The Department of Fisheries and Oceans has closed a fishing area in the Gulf of St. Lawrence after right whales were spotted. Fishers will have to remove their fishing gear in that area, and they have until 26 June, 3 p.m. to do so.
The latest closure extends the area where fishing is forbidden deep into the middle of the Gulf, farther east.
The Fishers Almost Reached Their Quota
Carl Allen, the president of the Maritime Fishermen Union, stated that the closure of the area would not affect fishing, because much of the quota has been reached:
“When you look at the location and where it is, it’s out on the snow crab grounds and it’s not of a huge concern at this point of the game because I think, at this point, we’re over 90 per cent of the quota is caught.”
He added that a few individual fishermen have even reached their quota and finished fishing:
“It’s not of huge consequence considering the location of where it’s at and the timing of it.”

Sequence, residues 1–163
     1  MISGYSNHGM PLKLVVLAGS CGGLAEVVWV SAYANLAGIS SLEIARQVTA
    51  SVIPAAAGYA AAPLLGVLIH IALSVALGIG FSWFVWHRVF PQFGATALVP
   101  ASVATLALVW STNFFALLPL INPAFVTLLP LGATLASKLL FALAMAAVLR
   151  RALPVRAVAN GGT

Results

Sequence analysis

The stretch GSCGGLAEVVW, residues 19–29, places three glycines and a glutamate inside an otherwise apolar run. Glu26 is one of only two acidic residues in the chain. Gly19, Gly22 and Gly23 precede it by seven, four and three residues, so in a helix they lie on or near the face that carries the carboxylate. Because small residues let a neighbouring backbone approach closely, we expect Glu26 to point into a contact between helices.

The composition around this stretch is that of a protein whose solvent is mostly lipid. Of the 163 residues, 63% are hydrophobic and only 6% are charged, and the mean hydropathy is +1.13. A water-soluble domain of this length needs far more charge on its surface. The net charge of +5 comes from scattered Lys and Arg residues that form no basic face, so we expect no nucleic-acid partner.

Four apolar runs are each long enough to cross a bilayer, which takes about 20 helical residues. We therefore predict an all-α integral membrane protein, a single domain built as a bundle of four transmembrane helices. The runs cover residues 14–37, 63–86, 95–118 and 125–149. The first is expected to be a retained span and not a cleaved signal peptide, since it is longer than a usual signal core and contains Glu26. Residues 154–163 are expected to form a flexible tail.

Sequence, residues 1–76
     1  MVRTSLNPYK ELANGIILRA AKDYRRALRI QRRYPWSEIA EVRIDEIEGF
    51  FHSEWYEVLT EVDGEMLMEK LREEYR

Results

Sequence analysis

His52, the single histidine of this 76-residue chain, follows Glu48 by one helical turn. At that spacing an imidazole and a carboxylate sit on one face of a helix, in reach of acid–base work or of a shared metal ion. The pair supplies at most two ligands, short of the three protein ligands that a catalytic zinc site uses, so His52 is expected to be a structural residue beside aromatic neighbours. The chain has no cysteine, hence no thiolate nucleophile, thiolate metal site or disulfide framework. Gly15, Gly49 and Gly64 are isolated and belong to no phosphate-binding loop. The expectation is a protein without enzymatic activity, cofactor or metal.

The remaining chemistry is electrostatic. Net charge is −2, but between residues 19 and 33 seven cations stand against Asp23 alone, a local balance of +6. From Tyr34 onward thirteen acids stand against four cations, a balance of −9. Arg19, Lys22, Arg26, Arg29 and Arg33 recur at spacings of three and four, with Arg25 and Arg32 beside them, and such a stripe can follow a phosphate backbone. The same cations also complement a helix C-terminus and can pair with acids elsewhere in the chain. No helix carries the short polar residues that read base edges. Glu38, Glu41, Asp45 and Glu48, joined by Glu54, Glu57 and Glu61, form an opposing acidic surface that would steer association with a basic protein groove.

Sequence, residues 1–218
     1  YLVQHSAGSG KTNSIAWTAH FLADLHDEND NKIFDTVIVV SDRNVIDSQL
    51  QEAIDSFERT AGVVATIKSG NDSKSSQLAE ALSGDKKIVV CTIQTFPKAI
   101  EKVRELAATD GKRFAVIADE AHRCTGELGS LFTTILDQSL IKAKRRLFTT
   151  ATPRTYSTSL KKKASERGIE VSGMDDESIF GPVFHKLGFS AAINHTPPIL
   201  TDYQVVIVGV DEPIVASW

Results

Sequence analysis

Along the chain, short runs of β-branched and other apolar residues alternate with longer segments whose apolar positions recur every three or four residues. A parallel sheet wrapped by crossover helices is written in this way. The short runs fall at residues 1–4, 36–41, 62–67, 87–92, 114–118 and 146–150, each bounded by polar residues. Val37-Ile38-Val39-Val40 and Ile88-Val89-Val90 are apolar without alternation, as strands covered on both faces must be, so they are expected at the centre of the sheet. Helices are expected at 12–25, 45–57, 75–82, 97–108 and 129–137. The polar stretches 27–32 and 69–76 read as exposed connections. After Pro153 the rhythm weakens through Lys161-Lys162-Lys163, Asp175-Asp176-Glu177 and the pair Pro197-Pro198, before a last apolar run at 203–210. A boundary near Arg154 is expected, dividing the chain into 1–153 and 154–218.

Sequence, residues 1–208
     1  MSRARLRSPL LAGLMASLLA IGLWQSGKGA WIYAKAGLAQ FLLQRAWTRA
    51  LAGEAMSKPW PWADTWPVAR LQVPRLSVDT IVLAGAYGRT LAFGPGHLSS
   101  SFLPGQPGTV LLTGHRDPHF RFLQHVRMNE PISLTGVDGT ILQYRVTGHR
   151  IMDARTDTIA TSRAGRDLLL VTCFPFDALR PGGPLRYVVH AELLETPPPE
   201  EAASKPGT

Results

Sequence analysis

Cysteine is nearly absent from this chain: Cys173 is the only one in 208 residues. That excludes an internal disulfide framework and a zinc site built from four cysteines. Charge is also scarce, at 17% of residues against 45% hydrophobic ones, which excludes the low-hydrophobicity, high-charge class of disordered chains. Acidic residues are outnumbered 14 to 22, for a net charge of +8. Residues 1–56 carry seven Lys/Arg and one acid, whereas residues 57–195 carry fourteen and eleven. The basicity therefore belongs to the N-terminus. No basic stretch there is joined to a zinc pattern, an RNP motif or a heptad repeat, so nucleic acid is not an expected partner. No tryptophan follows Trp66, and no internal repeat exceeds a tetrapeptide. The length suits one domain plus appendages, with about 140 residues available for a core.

However, Allen explains that the “complex protocols” that come with closure orders are more difficult to cope with:
“Every time we get an email with notice to harvesters, alerting us to another closure, it’s like those few seconds that it takes to load the map up to see where the closure is, are like the longest few seconds in your life some days.”
In the last month, there have been other six closure in northern New Brunswick’s waters, forcing many crab fishermen and lobster fishermen to move to other areas.
On June 18, the Bay of Fundy had to close a fishing area after a right whale sighting.
Until further notice from the officials, all the closures will remain in effect.
The closure of fisheries is part of the measures taken by the DFO to save North Atlantic right whales. There are only 450 North Atlantic right whales, out of which only 100 are breeding females.
Other rules to help save the species are to have ships slow down in some areas.
Andre Blair s is the lead editor for Advocator.ca. He holds a B.A. in Psychology from the University of Toronto, and a Master of Science in Public Health (M.S.P.H.) from the School of Public Health, Department of Health Administration, at the University of North Carolina at Chapel Hill. Andre specializes in environmental health, but writes on a variety of issues.